By the end of the weekend we were about done with the carneval despite it continuing for several more days. We passed on the water day, specifically designated for getting soaked and instead took a bus back to La Paz. It was after Oruro that we parted ways with Adam who we first met in northern Ecuador and had met along the way several more times. We had spent the last few weeks with him and he had become the ‘third leg of our tripod’. We shared some amazing times, many stories that wouldn’t make it on to here even if I did try to record them. He was going to spend a bit of time with Patricia and Colin, as they had mistakenly been dubbed, before turning north and heading to Colombia. Sadly, I don’t have any photos of the Carneval because I didn’t want my camera to get robbed/lost/broken/wet/covered with fake snow.
Stupidly, we took the last bus from Oruro and it was almost 3am when we got to La Paz. By 4am the bus terminal opened and we sat waiting to buy a ticket for a couple of hours whilst drinking pints of coffee and hot chocolate, or chocolate water hot. By 10am we were retracing our steps north, we recrossed over Lake Titicaca and arrived back into Copacabana, a small lakeside town where boats left from to the various islands. After getting some much needed rest we took an early morning boat ride to the north of Isla del Sol, another incredibly beautiful place with which I don’t have enough superlatives to sufficiently describe. We spent the day crossing the island from north to south and checked in to a hostel. We had a fine meal for something like £2.50 and were tucked up by 9pm. Our detox period had begun after feeling the effects of Cusco/Carneval and we had a lot of rest to catch up on.
We woke up to a cracking sunrise and took the boat back to the mainland. There was a lot more to see in Bolivia so once again, we took the bus back to La Paz, back over the lake and onwards. As well as a lot of confusion, there was a hairy moment or two that evening. First, the bus we took was too big to fit on a boat, so a few miles from the lake we had to swap with another group who were going in the opposite direction. It involved moving all our luggage and in the dark so was a bit dodgy. Our ‘new’ bus was anything but new and sounded like it had a lawnmower engine. Speaking of lawnmower engines, we all had to get off the bus again to cross the lake. The bus went on one boat and we went on another. I’m pretty sure the motor being used wasn’t for a boat and it cut out halfway across. One of the passengers had to hold their mobile phone light at the motor so the ‘Captain’ could ‘fix’ it. Eventually it coughed back to life and we spluttered our way across to the other side before continuing on to La Paz. The hostel we had planned to stay at didn’t actually exist any more so after a bit more meandering around Bolivia’s capital with all our belongings we settled on one and got our heads down for the night.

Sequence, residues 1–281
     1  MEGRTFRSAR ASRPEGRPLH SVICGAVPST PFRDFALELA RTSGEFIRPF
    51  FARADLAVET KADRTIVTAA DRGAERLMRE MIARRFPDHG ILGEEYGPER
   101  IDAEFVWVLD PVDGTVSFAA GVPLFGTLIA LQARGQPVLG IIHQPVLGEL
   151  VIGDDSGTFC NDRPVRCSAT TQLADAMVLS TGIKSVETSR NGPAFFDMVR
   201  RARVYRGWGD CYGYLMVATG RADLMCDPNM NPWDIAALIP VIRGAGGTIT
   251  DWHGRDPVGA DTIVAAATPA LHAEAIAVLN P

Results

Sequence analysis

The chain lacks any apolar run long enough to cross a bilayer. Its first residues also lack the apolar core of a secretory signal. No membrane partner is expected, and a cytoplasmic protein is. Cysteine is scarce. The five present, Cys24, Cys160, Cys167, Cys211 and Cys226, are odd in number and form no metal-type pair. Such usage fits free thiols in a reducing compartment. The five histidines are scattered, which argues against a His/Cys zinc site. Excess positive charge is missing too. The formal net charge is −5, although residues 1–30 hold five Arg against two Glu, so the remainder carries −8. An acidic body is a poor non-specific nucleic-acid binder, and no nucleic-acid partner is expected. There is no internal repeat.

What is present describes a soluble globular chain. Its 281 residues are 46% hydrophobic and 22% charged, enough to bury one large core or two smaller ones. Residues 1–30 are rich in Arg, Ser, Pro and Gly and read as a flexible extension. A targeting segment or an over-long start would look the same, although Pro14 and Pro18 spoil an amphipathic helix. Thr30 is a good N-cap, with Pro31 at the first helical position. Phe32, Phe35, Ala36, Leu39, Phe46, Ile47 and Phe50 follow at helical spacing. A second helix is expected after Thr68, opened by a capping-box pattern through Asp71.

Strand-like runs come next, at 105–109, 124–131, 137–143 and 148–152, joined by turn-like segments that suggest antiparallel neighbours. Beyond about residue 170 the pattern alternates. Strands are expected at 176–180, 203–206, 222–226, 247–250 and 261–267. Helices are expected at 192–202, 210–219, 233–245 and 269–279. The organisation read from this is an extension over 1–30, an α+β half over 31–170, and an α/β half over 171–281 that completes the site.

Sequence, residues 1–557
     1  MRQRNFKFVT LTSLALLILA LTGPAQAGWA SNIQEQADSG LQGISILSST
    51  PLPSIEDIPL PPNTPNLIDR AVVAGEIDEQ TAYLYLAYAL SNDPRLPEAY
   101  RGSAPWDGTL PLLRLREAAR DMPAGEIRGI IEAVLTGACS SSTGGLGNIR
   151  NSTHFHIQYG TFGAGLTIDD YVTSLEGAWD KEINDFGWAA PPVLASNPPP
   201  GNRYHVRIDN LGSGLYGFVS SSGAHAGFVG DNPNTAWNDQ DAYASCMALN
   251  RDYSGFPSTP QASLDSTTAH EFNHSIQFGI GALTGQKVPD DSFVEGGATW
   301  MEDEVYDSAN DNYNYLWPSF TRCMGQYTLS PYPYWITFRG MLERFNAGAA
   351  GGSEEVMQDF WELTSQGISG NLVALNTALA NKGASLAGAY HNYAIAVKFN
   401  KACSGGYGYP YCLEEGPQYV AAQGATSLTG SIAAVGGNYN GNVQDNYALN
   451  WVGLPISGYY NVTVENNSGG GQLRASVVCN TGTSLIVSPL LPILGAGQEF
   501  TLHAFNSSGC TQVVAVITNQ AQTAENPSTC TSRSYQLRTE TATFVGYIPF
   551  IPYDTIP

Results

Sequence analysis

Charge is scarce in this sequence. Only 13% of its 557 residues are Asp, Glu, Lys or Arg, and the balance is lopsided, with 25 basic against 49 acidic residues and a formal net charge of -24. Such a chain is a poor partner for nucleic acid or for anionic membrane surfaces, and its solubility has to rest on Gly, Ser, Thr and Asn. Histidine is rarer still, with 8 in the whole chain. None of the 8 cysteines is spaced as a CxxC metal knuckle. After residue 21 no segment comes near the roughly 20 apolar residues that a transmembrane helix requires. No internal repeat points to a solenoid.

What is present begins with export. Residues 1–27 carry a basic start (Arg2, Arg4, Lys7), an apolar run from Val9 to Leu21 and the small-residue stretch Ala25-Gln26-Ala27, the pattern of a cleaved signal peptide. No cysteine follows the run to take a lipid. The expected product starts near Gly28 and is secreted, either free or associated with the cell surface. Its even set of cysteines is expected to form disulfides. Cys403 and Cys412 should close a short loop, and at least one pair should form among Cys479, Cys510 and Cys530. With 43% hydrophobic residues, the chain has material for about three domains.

We changed location the next day and spent our time getting to know La Paz, by day and by night. Three of the wolfpack, Katrin, Kate and Andy arrived and helped us on our detox mission. We wandered the city seeing a combination of old and new, took advantage of one of the plethora of hills to gain a good vantage point of the place and slowly, very slowly, began to adjust to the altitude Bolivia was throwing at us. On our penultimate day in La Paz Ed, Katrin and I had signed up to do some mountain biking on the infamous Camino de la Muerte or Death Road. It involves cycling from 4600 metres above sea level down to 1200m. There have been rather a lot of deaths on this road, hence the name, but it has become a lot safer in recent years. A new road has been built which most of the vehicles use so the cyclists more or less have the track to themselves. Still, it wasn’t easy and unfortunately Katrin came off and hurt her arm and Ed somehow managed to hurt his toe without actually falling off the bike. Fortunately nothing too serious and nothing permanent save a touch of damaged pride. At some point I’ll have some photos of the mountain biking and I’ll add these in here once I get hold of them. After returning to La Paz, we had a relaxing final night, followed by an equally relaxing day until the five of us shared our next night bus to Uyuni, the infamous salt flats of Bolivia.